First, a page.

Will Self was born in London in 1961. He graduated from Oxford University and began writing fiction, working as a cartoonist for the New Statesman and City Limits, a London listings magazine. Nominated in 1993 as one of Granta magazine’s 20 ‘Best of Young British Novelists 2’, his fiction includes the short-story collections: The Quantity Theory of Insanity (1991), winner of the Geoffrey Faber Memorial Prize; Grey Area (1994); and Tough, Tough Toys for Tough, Tough Boys (1998). Cock and Bull (1992) consists of two novellas, and he is also the author of several novels, including: My Idea of Fun (1993); Great Apes (1997); How the Dead Live (2000); and Dorian (2002), a retelling of Oscar Wilde’s classic tale set in late 20th-century Britain.His non-fiction includes Perfidious Man (2000), described by his publisher as ‘an examination of modern masculinity’ with photographs by David Gamble, and Sore Sites (2000), a collection of writings about architecture. In addition, he has published collections of journalism, including Junk Mail (1995), and Feeding Frenzy (2001), which includes writing from the period 1995-2000. In 2002 he took part in a ‘reality art’ project in a one-bedroom flat on the 20th floor of a tower block in Liverpool, writing a short piece of fiction while being watched by members of the public. The event was sponsored by Liverpool Housing Action Trust to mark the passing of high-rise housing in the city. His novel, The Butt (2008), won the 2008 Bollinger Everyman Wodehouse Prize.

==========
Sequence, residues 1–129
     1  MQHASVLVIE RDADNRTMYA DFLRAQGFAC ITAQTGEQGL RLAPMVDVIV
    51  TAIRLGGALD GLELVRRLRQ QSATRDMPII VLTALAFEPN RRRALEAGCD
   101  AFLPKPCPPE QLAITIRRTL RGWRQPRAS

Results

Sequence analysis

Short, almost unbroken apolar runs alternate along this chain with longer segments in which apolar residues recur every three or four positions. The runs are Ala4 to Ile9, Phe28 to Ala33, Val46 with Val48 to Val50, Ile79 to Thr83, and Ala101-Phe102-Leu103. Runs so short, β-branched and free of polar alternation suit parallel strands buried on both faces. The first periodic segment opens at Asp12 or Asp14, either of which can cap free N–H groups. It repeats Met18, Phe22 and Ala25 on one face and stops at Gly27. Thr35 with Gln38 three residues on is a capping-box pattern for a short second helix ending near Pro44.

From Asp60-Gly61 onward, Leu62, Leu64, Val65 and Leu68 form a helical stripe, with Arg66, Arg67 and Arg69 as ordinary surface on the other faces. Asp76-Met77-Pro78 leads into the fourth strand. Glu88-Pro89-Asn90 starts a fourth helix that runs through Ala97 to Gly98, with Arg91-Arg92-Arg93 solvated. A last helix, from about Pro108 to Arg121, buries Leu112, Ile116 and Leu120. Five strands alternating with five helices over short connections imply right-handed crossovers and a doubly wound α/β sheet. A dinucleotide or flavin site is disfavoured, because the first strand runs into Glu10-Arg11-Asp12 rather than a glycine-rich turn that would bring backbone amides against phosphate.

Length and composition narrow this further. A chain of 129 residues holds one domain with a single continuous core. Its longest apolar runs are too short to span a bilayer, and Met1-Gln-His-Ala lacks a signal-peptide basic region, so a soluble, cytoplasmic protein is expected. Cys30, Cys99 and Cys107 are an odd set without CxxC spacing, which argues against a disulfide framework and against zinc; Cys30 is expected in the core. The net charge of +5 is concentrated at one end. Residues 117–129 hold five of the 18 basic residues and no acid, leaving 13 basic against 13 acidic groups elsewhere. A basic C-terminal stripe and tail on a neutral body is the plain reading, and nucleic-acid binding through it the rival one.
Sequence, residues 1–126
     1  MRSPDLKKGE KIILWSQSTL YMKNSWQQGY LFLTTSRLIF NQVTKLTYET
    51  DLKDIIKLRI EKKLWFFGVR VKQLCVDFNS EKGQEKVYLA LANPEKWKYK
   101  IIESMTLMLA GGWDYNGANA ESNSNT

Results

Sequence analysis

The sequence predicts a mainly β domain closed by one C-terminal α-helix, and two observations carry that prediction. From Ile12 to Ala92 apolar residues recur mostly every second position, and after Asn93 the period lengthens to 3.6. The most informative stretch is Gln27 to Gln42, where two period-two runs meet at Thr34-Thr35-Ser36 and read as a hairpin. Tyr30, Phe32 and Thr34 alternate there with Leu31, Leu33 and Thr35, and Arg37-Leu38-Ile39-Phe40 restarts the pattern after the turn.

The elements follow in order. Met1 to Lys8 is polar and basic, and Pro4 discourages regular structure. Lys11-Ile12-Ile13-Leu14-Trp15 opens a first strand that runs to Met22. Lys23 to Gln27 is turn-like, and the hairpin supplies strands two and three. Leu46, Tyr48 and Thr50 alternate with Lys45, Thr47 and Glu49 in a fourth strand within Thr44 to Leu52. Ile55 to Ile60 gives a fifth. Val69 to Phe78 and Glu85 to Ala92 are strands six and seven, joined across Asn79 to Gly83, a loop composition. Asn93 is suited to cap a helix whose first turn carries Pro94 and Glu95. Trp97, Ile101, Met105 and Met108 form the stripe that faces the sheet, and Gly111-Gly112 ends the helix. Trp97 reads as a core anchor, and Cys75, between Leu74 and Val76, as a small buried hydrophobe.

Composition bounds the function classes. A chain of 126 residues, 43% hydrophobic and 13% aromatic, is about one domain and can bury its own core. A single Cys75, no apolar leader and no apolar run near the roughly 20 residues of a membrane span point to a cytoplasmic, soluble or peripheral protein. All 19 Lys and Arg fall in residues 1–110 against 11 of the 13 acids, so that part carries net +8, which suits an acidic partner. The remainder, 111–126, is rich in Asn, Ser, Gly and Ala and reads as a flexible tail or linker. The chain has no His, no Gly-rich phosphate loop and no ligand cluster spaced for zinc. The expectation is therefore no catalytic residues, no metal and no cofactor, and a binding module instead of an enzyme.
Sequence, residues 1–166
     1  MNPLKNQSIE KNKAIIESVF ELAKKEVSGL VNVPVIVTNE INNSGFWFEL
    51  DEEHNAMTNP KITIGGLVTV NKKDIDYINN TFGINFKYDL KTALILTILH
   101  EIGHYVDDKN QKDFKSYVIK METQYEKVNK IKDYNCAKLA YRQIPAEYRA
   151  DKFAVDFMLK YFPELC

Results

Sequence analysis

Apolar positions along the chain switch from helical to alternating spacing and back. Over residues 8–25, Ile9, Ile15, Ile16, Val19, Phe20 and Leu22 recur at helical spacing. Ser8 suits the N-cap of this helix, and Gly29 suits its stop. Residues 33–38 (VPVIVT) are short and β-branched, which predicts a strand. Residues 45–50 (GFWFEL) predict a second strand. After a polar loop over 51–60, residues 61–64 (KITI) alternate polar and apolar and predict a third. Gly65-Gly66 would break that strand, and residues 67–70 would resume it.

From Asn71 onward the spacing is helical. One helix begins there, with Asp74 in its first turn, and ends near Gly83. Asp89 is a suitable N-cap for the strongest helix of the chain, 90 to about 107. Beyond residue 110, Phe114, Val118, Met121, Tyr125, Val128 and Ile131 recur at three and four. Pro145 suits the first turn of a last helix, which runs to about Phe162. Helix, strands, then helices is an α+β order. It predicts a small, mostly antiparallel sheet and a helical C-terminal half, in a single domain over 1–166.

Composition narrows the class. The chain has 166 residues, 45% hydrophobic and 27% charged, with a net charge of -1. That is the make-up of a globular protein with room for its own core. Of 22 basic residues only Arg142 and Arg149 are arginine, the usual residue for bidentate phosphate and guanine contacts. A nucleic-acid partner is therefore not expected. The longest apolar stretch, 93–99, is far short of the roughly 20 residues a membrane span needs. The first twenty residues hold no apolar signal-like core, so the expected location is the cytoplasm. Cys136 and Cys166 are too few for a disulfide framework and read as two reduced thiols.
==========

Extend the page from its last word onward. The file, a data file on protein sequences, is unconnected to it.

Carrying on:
A regular broadcaster on television and radio and contributor to numerous newspapers and magazines, Will Self lives in London. A book of non-fiction, Psychogeography, was published in 2007, and a selected short stories, The Undivided Self, in 2008. His most recent novel is Umbrella (2012), shortlisted for the 2012 Man Booker Prize for Fiction. In 2012 Will Self was appointed Professor of Contemporary Thought at Brunel University.